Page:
• High-fiber non-starchy vegetables like broccoli, artichokes, kale and carrots.
  • Whole grains like brown rice and oats.
  • Fruit like apples and berries.
  • Lentils and beans, like black beans.
  • Starches like squash and sweet potato.

There are several other foods you should be adding to your meal plan. Your choices will depend on your health goals, health conditions like prediabetes or type 2 diabetes, and your responses to foods. To create an ideal meal plan for your needs, work with a healthcare professional or registered dietitian.

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Engage with Your Blood Glucose Levels with Nutrisense

Your blood sugar levels can significantly impact how your body feels and functions. That’s why stable blood glucose levels can be an important factor in supporting overall wellbeing.

With Nutrisense, you’ll be able to track your blood glucose levels over time using a CGM, so you can make lifestyle choices that support healthy living.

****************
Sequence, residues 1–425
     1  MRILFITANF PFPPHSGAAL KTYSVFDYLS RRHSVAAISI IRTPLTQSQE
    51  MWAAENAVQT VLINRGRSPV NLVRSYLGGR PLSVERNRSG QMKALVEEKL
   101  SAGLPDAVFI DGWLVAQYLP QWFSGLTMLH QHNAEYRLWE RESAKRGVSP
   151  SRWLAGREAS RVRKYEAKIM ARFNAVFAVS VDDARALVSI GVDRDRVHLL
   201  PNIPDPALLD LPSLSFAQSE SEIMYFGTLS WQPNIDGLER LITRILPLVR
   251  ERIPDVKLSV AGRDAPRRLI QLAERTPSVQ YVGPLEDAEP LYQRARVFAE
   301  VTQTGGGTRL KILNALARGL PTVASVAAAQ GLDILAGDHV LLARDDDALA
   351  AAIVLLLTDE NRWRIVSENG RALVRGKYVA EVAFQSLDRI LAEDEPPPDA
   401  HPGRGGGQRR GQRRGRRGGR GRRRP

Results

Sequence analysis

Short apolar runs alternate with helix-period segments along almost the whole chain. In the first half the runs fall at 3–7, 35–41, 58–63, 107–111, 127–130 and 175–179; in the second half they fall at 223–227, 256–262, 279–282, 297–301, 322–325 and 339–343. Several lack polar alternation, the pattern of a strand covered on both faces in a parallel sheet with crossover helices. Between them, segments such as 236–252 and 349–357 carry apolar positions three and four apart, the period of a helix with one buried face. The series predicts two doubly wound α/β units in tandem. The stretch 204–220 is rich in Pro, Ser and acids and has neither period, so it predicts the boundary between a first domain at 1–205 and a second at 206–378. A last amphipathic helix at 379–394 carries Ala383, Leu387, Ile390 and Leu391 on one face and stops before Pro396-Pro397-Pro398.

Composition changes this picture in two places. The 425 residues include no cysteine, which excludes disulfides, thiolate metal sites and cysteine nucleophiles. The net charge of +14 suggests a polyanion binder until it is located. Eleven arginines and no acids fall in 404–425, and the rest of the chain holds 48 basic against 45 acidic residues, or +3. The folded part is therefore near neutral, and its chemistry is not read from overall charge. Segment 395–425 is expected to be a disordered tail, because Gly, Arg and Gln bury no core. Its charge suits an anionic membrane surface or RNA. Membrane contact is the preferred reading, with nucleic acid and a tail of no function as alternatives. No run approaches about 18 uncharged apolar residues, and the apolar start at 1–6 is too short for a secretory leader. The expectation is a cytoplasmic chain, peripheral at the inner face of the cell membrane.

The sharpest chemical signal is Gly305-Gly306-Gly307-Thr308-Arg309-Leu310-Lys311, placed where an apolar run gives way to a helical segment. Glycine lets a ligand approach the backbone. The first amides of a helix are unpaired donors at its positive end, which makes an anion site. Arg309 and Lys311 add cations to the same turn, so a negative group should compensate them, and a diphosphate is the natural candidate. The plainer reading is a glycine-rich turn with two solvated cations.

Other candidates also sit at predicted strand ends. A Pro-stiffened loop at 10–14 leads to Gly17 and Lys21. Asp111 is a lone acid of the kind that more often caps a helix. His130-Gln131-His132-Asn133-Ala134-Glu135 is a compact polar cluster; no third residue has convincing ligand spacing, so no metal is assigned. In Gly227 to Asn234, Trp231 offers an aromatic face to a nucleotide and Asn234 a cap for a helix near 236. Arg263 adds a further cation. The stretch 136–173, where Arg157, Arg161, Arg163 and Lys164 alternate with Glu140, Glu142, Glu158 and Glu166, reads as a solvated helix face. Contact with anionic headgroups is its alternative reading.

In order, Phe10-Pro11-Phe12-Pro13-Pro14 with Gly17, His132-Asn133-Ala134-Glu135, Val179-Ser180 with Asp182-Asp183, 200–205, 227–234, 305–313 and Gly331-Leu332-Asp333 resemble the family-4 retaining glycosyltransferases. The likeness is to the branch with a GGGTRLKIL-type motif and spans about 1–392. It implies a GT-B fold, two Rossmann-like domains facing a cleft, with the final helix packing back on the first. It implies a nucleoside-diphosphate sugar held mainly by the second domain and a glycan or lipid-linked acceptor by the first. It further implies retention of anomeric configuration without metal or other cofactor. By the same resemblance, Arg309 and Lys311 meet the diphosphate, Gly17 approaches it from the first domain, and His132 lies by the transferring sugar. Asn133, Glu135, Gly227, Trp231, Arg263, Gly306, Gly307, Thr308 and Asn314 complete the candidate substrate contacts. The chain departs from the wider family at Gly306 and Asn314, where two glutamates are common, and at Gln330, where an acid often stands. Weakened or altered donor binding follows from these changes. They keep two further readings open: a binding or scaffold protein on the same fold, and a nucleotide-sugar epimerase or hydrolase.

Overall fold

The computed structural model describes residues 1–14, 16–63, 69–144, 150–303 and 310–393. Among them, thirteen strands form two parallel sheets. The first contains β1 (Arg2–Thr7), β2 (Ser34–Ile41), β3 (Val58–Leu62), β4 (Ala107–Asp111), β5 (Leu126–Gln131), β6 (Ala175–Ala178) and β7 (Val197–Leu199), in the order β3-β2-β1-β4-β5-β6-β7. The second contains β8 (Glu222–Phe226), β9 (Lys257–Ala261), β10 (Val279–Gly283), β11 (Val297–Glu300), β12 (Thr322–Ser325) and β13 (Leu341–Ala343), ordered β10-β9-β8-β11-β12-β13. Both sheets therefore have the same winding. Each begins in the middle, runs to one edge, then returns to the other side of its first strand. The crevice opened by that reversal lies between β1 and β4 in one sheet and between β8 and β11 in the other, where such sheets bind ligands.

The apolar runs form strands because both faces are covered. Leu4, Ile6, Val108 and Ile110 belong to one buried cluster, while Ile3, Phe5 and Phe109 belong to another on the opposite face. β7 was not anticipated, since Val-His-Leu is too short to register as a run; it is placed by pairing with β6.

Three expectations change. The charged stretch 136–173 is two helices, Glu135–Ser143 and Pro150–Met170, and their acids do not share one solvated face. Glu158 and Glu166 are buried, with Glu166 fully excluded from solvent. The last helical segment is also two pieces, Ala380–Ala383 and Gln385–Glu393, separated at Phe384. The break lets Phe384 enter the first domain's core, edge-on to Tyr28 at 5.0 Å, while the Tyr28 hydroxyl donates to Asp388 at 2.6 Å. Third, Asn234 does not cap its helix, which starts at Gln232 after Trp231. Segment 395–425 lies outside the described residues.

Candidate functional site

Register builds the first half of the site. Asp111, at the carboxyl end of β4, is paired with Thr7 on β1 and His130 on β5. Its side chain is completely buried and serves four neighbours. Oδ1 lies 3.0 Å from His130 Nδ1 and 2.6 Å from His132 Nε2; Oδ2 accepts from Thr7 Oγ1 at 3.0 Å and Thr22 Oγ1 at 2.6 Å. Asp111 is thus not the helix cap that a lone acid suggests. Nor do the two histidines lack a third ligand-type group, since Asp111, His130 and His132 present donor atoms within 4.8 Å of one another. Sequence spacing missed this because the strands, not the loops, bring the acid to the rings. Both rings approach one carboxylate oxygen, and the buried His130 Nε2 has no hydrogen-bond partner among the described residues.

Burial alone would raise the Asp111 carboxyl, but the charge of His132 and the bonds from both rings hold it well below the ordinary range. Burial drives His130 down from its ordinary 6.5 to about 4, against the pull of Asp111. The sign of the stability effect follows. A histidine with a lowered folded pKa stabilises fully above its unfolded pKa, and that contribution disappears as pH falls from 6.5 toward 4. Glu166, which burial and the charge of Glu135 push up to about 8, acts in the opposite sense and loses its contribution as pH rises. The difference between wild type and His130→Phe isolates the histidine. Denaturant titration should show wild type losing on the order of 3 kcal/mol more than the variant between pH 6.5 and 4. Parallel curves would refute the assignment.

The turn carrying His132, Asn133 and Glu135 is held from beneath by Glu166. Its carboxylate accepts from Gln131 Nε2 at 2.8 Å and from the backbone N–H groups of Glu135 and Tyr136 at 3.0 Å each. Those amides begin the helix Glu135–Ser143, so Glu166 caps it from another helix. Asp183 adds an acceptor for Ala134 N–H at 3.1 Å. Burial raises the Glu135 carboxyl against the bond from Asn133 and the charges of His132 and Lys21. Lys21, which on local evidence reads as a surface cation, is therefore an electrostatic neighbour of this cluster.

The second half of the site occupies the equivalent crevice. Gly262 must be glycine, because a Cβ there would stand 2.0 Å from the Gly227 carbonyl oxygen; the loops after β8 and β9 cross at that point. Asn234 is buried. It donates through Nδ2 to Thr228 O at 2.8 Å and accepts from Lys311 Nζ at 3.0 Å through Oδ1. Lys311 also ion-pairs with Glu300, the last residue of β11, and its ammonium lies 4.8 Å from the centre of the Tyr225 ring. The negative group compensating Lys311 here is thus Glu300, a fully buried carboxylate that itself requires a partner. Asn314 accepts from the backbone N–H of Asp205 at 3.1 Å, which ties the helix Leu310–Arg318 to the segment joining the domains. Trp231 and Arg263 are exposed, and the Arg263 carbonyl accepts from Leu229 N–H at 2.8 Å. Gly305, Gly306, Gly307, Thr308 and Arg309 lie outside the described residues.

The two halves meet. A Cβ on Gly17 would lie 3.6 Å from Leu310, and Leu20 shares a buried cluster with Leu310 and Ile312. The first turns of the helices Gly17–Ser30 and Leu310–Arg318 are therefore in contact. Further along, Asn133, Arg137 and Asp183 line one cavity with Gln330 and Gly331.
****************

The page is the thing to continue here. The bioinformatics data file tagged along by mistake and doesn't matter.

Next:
When you join the Nutrisense CGM program, our team of credentialed dietitians and nutritionists are available for additional support and guidance to help you reach your goals.

Ready to take the first step? Start with our quiz to see how Nutrisense can support your health.

Find the right Nutrisense program    to help you discover and reach your health potential.
Amanda Donahue, MS, RD, CD

Reviewed by: Amanda Donahue, MS, RD, CD

Amanda is a Nutrition Manager and Registered Dietitian at Nutrisense, with a Masters in Dietetics from Stephen F. Austin State University. Originally from south GA, she got her undergrad degree from Texas Tech University. Before joining Nutrisense, she worked at a hospital in Fort Worth, TX, for 4 years as a dietitian, counseling those living with HIV.